For Disney fans, it is hard to believe that “Frozen” (2013) was released just six years ago. The tale, inspired by Hans Christian Anderson’s “The Snow Queen,” has permeated pop culture in a way that even Walt Disney Pictures couldn’t have predicted when it was released. Directed by Chris Buck and Jennifer Lee, “Frozen”’s themes of family, love, isolation, and finding yourself have resonated with people across the globe. And of course, “Let It Go” became such a hit that it was almost impossible to avoid hearing it for many months. In addition to the film making it onto In Their Own League’s Top 50 Female Directed of the Decade list, now is an appropriate time to look back at the first “Frozen” film as its sequel has just been released.
“The Rider”, the second feature from writer-director Chloé Zhao, explores this tenet of masculinity through the story of South Dakotan rodeo cowboy Brady Blackburn, played by real-life rodeo cowboy Brady Jandreau. Blackburn’s story mirrors that of Jandreau, both of whom were taken out of the saddle unexpectedly, after sustaining a major injury in a horrific accident. As he recovers, Brady is advised that he can never ride again, or else he could risk losing his life.
In 1992 Sandi Tan set out to make Singapore's first road movie with the assistance of her friends Jasmine Ng and Sophie Siddique, as well as her mentor a much older man called Georges Cardona. Cardona was an enigmatic man who claimed to be the inspiration of James Spader's character in "Sex, Lies and Videotapes". To Tan, he was someone who saw her potential as a filmmaker and helped shaped her love for independent film. Cardona knew his cinema, but he was a magpie simply picking things up that didn't belong to him and claiming them to be his own. The plot of Tan's film followed a young woman (who was played by Tan herself) who goes on the run after committing a crime. Along the way she creates new friends, picking up stray children like a pied-piper character as she travels across Singapore.
No family is normal. I consider the word "normal" as an oxymoron, to say that one is "normal" is such a odd phase and it just feels so underwhelming. As a chid, I always strived to be part of a normal family, but perhaps I was part of a normal family all along? We were a family that had its own secrets. In my adulthood, I realise that in all of our families, there will be some form of a secret past that the family tries to cover up or try to bury. We are only human after all, it's in our nature to protect the ones we love from the truth.
Writer and director Joanna Hogg has always been known for her mysterious, creative and thoughtful films, but “The Souvenir” (2019) is her best yet. A tender tale of young love, it is Hogg’s most personal film to date, based on her own experiences at film school and dating an older, secretive and troubled man. You can feel this personal touch throughout, in the gentle yet unflinching way Hogg’s camera follows Honor Swinton Byrne’s Julie, the young woman at the centre of this story.
Year: 2016 Runtime: 163 Minutes Director: Andrea Arnold Writer: Andrea Arnold Stars: Sasha Lane, Shia LaBeouf, Riley Keough By Mique WatsonFew films in the pantheon of cinema feature stories centered around teenage girls; even fewer films depict them in ways which are universally identifiable (ask anyone to name a flick about a teenage girl off... Continue Reading →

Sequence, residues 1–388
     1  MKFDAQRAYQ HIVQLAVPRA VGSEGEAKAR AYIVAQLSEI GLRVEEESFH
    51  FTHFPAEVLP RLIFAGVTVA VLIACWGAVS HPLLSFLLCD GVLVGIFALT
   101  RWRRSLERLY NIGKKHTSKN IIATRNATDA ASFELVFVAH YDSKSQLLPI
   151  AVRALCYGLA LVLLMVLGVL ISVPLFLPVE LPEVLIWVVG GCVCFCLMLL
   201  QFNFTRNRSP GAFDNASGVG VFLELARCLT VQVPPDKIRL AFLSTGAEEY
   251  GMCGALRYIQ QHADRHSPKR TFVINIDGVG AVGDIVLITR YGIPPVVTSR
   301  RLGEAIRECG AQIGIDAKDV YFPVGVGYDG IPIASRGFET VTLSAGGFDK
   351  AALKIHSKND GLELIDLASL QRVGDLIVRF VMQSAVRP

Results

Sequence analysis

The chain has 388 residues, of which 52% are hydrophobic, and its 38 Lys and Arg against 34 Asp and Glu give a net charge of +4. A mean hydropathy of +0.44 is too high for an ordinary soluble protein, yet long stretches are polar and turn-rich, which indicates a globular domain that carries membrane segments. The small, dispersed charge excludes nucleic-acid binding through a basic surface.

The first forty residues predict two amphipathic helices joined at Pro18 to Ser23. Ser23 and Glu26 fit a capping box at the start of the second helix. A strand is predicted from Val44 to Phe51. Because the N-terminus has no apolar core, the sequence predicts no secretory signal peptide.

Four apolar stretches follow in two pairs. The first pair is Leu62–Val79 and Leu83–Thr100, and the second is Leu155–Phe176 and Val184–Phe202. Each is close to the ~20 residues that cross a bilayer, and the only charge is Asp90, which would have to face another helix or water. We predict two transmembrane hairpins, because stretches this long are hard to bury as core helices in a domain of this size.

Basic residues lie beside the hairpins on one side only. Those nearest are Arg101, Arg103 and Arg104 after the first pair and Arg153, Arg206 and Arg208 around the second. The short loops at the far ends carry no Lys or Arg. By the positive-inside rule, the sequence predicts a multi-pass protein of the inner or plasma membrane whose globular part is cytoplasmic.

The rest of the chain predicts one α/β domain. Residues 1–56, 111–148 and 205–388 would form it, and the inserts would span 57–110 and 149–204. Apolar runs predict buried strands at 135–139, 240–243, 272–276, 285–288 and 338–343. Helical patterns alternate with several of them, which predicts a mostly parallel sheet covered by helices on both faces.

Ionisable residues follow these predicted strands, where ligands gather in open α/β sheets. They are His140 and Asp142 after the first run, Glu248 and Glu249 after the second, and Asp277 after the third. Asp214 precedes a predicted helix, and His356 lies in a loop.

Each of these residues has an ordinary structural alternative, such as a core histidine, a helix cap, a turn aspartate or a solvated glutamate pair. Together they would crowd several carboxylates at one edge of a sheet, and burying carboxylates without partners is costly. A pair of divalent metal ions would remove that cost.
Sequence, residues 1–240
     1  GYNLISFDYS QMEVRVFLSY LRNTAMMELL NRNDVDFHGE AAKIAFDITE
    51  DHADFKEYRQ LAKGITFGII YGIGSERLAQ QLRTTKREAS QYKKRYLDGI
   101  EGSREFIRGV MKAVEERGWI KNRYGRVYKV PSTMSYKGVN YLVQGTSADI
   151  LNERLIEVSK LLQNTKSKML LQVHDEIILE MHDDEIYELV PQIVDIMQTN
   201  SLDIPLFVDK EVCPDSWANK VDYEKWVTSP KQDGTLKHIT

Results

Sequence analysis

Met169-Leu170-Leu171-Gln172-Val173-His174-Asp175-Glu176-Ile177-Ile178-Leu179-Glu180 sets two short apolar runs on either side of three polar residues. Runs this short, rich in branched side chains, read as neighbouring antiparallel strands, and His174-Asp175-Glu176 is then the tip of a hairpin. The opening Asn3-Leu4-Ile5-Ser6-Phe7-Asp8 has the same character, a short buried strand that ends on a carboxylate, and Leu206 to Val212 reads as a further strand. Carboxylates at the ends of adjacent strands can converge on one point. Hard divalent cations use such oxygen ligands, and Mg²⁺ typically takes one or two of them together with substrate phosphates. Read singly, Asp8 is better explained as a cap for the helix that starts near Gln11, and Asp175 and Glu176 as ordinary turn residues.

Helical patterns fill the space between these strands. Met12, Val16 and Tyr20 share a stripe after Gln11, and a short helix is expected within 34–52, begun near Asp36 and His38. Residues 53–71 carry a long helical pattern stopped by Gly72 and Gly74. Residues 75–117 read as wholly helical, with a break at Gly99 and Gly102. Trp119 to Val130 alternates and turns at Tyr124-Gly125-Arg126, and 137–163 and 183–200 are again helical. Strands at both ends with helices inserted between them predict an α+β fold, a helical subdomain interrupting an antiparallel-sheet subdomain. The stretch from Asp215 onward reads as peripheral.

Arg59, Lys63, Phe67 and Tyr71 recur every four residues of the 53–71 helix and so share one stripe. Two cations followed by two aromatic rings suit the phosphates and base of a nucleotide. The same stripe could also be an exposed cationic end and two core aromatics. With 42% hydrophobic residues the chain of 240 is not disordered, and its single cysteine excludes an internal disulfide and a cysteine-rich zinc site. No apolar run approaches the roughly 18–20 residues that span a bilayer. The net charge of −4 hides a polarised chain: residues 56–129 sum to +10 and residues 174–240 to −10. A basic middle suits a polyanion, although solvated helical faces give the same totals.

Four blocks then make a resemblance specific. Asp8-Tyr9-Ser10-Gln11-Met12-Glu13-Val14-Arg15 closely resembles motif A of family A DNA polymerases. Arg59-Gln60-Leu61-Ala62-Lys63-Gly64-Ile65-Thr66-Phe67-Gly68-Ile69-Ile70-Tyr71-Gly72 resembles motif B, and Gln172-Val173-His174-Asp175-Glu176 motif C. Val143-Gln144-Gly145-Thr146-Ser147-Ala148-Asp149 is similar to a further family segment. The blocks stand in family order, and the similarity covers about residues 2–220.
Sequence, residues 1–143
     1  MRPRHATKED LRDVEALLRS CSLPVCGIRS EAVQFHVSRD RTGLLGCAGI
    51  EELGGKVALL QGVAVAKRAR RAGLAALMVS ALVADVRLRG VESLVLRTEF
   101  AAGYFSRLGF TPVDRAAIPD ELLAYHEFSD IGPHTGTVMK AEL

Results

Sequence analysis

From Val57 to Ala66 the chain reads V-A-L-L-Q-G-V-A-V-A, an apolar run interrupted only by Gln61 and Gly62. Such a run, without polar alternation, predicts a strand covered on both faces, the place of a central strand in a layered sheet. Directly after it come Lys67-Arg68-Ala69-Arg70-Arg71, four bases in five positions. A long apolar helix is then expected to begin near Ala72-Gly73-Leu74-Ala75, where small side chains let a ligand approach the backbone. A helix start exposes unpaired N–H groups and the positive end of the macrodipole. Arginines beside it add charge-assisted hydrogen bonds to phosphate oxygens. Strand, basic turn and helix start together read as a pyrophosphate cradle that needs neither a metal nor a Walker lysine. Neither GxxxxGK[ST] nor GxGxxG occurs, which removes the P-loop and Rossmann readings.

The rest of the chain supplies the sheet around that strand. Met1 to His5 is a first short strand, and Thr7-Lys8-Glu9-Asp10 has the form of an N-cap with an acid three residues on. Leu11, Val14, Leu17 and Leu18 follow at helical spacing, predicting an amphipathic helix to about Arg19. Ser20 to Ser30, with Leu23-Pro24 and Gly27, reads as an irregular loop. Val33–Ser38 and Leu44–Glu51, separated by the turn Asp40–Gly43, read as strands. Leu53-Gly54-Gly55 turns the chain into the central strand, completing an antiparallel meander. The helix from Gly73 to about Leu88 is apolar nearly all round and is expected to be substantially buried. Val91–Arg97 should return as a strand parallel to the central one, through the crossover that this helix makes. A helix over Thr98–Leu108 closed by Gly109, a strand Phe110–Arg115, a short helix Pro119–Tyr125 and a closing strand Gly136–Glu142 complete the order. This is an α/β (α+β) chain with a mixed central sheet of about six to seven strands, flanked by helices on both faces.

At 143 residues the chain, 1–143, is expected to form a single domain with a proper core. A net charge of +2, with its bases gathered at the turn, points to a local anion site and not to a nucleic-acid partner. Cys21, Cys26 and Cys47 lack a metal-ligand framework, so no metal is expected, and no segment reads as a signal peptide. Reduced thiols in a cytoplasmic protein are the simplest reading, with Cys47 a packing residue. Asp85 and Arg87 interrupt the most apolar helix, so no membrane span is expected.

Claire Denis’ experimental sci-fi “High Life” (2018) is utterly bizarre- yes, but it’s also a reclusive and powerful picture. It’s a difficult film to quantify, and yet, despite its space odyssey setting, it really gets down to the meat of humanity. It’s more about relationships and isolation than it is about the exploration of black holes, or scientific experimentation.
Yes, that’s where it starts. As we eventually learn this ship once contained a group of previously death row inmates (including Mia Goth and André Benjamin) who were given the choice to be used as lab rats on a suicide mission. It gives you more time, and it may potentially help society find an alternative energy source, so it seems like an easy choice, right?
With her third feature film, Maren Ade announced herself on to the international scene during 2016, with her robust, confounding comedy of delicate, deliberate and disastrously strained parental ties. A thematic notion achieved with such success is not often seen in cinema, capturing the fraught emotional bonds of a career-driven daughter and her aloof father. As varying dynamics exist in relationships between adulthood and childhood and vice versa, very few directors have successfully articulated and dramatised them as well as Ade. A remarkable cinematic achievement, creating a film that is deeply human and tragically nostalgic and profound whilst absurdly comedic.
Earlier this year gritty thriller “Destroyer” (2019) stormed onto the big screen, with all of its rage, vengeance and gusto. Surprisingly it failed to blow up, instead crashing and burning at the box office making only $5.5 million in comparison to its $9 million budget. We can only really guess at what exactly caused the film to flop, but poor distribution and weak marketing certainly played their roles.
Despite gunning for those golden gongs, especially with Nicole Kidman’s central phenomenal transformative performance, it received barely any attention on the awards circuit, although it has to be said organisations like The Academy have never been known for their good taste in cinema.